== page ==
2013-2014 2014-2015 2015-2016 2016-2017 2017-2018
Browse
by subject...
    Schedule
view...
 

171 - 180 of 440 results for: all courses

HISTORY 47: History of South Africa (AFRICAAM 47, CSRE 74)

(Same as HISTORY 147. History majors and others taking 5 units, register for 147.) Introduction, focusing particularly on the modern era. Topics include: precolonial African societies; European colonization; the impact of the mineral revolution; the evolution of African and Afrikaner nationalism; the rise and fall of the apartheid state; the politics of post-apartheid transformation; and the AIDS crisis.
Terms: Aut | Units: 3 | UG Reqs: GER:DB-SocSci, GER:EC-GlobalCom, WAY-ED, WAY-SI | Grading: Letter or Credit/No Credit

HISTORY 50A: Colonial and Revolutionary America

(Same as HISTORY 150A. History majors and others taking 5 units, register for 150A.) Survey of the origins of American society and polity in the 17th and 18th centuries. Topics: the migration of Europeans and Africans and the impact on native populations; the emergence of racial slavery and of regional, provincial, Protestant cultures; and the political origins and constitutional consequences of the American Revolution.
Terms: Aut | Units: 3 | UG Reqs: GER:DB-SocSci, GER:EC-AmerCul, WAY-A-II, WAY-SI | Grading: Letter or Credit/No Credit

HISTORY 50B: Nineteenth Century America (AFRICAAM 50B, CSRE 50S)

(Same as HISTORY 150B. History majors and others taking 5 units, register in 150B.) Territorial expansion, social change, and economic transformation. The causes and consequences of the Civil War. Topics include: urbanization and the market revolution; slavery and the Old South; sectional conflict; successes and failures of Reconstruction; and late 19th-century society and culture.
Terms: Win | Units: 3 | UG Reqs: GER:DB-SocSci, GER:EC-AmerCul, WAY-SI | Grading: Letter or Credit/No Credit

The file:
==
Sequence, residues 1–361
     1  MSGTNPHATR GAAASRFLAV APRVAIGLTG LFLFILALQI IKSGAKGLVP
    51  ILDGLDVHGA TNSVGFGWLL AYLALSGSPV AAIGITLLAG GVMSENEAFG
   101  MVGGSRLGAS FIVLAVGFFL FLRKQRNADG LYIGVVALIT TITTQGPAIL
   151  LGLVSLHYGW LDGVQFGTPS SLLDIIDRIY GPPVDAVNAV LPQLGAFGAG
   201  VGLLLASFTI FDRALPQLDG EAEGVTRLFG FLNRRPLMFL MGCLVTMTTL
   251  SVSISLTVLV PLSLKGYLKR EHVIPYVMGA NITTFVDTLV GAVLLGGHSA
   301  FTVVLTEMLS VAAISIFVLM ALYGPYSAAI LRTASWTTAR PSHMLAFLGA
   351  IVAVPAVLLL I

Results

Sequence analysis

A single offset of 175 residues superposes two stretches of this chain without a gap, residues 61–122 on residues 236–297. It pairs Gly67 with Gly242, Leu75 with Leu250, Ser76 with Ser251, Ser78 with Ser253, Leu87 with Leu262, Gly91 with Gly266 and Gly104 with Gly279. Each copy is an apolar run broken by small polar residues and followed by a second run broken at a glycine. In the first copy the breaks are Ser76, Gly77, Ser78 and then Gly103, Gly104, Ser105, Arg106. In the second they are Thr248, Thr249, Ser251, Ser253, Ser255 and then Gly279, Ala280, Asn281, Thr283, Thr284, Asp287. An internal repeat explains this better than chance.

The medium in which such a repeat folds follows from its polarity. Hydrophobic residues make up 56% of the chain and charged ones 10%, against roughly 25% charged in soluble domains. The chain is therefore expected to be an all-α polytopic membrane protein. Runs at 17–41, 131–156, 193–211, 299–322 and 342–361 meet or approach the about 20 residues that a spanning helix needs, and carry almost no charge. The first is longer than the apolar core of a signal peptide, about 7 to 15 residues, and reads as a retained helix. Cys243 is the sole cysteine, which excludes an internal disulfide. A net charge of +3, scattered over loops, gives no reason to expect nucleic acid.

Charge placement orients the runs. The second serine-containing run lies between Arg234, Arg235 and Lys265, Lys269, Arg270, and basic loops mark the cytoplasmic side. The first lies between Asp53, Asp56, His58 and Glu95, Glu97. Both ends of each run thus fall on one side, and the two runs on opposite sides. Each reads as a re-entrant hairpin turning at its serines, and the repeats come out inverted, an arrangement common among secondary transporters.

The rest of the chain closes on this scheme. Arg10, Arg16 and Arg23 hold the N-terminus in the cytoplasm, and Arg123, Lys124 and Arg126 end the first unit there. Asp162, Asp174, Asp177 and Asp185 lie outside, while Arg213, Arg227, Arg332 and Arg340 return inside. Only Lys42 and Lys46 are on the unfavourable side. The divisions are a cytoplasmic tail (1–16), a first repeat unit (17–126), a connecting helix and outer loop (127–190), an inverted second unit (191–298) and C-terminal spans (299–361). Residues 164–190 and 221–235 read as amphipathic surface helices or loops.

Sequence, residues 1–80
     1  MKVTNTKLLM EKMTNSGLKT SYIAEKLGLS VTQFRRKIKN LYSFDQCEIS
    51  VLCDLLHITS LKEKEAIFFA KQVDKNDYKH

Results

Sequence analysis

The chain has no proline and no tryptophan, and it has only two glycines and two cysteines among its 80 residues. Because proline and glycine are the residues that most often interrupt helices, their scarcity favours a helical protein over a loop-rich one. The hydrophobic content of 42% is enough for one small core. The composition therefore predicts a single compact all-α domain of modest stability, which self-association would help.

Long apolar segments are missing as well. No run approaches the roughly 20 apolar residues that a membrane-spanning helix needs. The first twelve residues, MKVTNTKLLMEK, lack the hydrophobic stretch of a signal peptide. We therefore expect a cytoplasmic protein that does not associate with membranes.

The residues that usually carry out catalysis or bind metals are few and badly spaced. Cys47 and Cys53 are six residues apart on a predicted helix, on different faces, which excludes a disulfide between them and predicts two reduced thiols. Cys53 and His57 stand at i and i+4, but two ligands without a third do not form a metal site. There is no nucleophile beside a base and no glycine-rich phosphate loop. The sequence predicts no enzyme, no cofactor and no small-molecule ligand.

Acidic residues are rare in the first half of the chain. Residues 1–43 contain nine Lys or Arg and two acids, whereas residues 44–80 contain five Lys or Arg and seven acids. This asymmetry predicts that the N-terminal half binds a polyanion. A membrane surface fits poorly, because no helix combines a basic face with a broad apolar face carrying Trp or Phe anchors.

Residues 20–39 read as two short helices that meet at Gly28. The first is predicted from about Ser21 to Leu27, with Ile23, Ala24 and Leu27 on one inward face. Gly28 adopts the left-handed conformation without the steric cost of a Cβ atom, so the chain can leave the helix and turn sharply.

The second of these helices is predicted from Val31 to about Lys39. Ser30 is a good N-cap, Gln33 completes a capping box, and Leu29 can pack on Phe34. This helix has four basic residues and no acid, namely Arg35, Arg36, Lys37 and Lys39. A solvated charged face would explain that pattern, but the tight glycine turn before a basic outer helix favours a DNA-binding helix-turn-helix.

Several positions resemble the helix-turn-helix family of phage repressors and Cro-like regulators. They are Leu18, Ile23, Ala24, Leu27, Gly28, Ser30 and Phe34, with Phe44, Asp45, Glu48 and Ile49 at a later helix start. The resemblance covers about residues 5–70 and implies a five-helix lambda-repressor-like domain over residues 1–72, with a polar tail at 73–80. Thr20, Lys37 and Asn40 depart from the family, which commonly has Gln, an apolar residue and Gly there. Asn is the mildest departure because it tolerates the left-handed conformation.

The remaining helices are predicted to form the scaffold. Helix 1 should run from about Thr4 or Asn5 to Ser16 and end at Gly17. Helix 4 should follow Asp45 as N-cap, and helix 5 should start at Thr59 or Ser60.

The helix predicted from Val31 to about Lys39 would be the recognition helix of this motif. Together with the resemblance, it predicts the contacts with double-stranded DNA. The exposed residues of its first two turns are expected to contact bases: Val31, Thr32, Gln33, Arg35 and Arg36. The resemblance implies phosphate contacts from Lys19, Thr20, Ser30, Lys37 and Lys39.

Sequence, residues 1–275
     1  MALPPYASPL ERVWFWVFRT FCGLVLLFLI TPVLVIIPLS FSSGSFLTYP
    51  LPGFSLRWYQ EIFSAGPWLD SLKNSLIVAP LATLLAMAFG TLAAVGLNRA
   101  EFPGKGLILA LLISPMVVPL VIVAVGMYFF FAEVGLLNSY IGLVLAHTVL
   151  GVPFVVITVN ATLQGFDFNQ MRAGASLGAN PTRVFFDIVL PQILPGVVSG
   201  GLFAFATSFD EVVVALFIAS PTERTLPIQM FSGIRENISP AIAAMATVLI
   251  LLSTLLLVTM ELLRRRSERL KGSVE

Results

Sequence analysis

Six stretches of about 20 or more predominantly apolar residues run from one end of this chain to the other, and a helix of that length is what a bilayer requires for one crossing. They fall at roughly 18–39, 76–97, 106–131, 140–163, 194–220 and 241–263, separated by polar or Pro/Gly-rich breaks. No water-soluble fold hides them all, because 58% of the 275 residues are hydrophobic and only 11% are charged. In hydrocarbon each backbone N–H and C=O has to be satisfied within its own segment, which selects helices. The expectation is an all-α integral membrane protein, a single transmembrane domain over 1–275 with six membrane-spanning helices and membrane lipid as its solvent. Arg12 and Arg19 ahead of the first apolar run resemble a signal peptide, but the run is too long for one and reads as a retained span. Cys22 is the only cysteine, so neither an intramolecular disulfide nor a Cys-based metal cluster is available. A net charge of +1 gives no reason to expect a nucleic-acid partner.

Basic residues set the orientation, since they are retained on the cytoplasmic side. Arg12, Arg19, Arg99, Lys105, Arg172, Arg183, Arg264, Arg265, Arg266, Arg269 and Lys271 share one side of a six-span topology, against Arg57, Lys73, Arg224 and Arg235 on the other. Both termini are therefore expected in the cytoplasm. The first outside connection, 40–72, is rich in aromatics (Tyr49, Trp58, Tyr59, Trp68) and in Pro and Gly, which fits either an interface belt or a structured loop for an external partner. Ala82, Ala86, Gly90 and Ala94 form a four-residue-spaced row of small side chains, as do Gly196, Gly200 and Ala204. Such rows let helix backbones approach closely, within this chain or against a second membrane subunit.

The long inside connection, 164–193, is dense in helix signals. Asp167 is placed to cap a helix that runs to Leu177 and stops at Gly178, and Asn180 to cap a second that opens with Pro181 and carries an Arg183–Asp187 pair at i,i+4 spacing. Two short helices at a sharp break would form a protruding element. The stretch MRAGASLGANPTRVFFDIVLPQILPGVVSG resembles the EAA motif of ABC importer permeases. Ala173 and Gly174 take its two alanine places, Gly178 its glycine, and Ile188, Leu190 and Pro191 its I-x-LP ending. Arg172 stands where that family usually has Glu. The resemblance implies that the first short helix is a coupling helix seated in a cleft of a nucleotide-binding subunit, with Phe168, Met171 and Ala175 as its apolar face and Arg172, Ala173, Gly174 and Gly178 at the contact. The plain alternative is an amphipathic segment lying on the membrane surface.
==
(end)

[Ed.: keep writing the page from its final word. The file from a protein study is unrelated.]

HISTORY 50C: The United States in the Twentieth Century

(Same as HISTORY 150C. History majors and others taking 5 units, register for 150C.) Covering the past century, this course will survey U.S. politics, culture, and social movements, tracing three recurrent themes: the growth of the federal government and ensuing political debates about its role; the development of the United States into a world power; and the contested expansion of American democracy. Lectures meet Mon, Tues, Wed. This is a Massive Multiplayer Humanities course: students will participate in two archival workshops held on Thursdays. Research workshops for 5 credit students will also be held on Thursdays. Suitable for non-majors and majors alike. Three and five credit options, with the choice of a research paper or proposal for 5 credit students.
Terms: Spr | Units: 3 | UG Reqs: GER:DB-SocSci, GER:EC-AmerCul, WAY-ED, WAY-SI | Grading: Letter (ABCD/NP)
Instructors: Burns, J. (PI)

HISTORY 61: The Politics of Sex: Work, Family, and Citizenship in Modern American Women's History (AMSTUD 161, CSRE 162, FEMGEN 161, HISTORY 161)

This course explores the transition from Victorian to modern American womanhood by asking how Native, European, African, Mexican, and Asian American women navigated the changing sexual, economic, and political landscapes of the twentieth century. Through secondary readings, primary sources, films, music, and literature we explore the opportunities and boundaries on groups of women in the context of historical events that included immigration, urbanization, wartime, depression, the Cold War, as well as recurrent feminist and conservative political movements.